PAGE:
It could have been worse. It’s hard to see how, when the sense of being trapped in one of A.K. Ramanujan’s variant Ramayanas — the one in which the asuras win repeatedly and Lanka overruns Ayodhya — is overwhelming, but it could have been. Think Rakhine mid-purge or Jaffna at the end. The recent history of our near abroad teaches us that there is no floor to majoritarian viciousness; its lower depths have lower depths. So, tempting though it is to credit the Bharatiya Janata Party’s success in Uttar Pradesh and elsewhere to a terminally communal People, this is a rhetorical luxury that losers can’t afford.
The BJP’s massive win in UP has sparked a discussion about the balance between bigotry and government aid in cash and kind in securing that victory. On the one side, you have those who think that cleanly delivered State subsidies made Yogi Adityanath’s government seem like a benevolent annadata and neutralized the discontent about mass unemployment and the government’s criminally inept Covid response. On the other side, you have those who argue that such subsidies have been around forever. To rebrand the beneficiaries of State largesse as labharthis and pass them off as a new electoral category is a case of pliant journalists dressing up bigotry as welfare.
The idea that the BJP has created a communalized common sense in states like UP is plausible. In this WhatsApp world, it’s easier than ever before to imagine a national community defined by a concerted hostility towards an ‘alien’ minority. It’s certainly the case that the BJP has done its best to define law-and-order, for instance, as the bringing to heel of Muslim ‘Romeos’, Muslim goondas, and Muslim illegals and the election results suggest that this communalization of the very idea of law and order has worked.
The problem with this diagnosis is not that it’s untrue, but that it segues into a counsel of despair. Liberals and leftists are generally materialist in their understanding of the world, which is to say that they believe that the need to maximize material well-being drives voting preferences. This belief can co-exist with the notion that majoritarian bigotry reinforces political choices, but when electoral defeats tempt progressives to condemn the electorate as incorrigibly communal, perversely privileging Muslim hatred over material incentives, they back themselves into an avoidable political corner.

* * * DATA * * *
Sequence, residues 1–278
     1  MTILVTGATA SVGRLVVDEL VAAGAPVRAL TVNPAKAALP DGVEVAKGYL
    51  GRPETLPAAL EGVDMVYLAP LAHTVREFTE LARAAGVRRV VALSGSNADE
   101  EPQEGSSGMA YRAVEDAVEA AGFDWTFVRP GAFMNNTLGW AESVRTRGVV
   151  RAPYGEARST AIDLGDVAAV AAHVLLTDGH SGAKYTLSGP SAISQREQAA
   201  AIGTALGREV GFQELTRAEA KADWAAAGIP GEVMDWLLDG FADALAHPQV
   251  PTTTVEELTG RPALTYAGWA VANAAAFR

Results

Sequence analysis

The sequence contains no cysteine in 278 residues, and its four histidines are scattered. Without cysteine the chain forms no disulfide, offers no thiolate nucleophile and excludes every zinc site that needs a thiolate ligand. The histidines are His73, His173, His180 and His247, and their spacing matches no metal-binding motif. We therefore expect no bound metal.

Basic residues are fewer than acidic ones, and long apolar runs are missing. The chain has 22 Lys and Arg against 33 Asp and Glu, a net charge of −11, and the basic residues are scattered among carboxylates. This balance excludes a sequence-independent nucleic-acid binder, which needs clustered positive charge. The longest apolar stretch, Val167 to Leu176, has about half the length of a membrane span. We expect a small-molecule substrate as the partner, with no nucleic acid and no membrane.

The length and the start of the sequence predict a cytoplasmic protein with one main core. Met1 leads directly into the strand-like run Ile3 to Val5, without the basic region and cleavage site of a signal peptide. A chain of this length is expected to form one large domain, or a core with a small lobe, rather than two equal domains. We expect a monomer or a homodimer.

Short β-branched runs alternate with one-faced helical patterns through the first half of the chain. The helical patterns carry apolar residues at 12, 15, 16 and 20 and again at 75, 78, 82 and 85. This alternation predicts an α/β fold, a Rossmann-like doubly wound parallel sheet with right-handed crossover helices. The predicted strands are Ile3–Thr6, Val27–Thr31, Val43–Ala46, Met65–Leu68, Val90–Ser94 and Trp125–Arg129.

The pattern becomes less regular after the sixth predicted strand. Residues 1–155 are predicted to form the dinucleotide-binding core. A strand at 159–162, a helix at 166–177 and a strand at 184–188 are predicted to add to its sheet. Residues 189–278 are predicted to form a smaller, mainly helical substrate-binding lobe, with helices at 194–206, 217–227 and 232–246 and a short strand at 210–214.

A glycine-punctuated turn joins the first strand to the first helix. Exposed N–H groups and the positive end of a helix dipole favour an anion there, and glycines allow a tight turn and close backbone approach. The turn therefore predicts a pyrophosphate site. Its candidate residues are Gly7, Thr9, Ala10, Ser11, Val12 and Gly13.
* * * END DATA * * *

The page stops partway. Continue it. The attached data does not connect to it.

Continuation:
There are two reasons why we should resist the temptation of believing that bigotry is entrenched in states like UP or Assam or Karnataka or Gujarat, the four dhams of Hindutva. The first is the fact, banal but true, that you can’t elect a new People. No politics is possible if you start by believing that your voters are lost to reason, that they are, as baffled Marxists used to say, falsely conscious. There’s been a lively debate amongst historians of colonial and modern India about the origins and nature of communal consciousness. One of the principals in this debate, C.A. Bayly, argued that ‘consciousness’ was a misleading category because it suggested a consistency, continuity and permanence that wasn’t historically demonstrable.
Bayly suggested an alternative term borrowed from the Annales School of historians: mentalité. He preferred mentalité because he thought it suggested a way of filtering the world that was at once recognizable and distinct but at the same time subject to change in response to changes in the world. There are examples of rabidly communal politicians being defeated in western Uttar Pradesh, a region that was starkly polarized by the Muzaffarnagar violence just a few years ago. Sangeet Som and Suresh Rana lost to SP-RLD candidates. The very fact that it’s possible to broker an alliance of Jat, Gujjar and Muslim voters in Sardhana suggests that it’s a mistake to see a communal mentality as a permanent condition.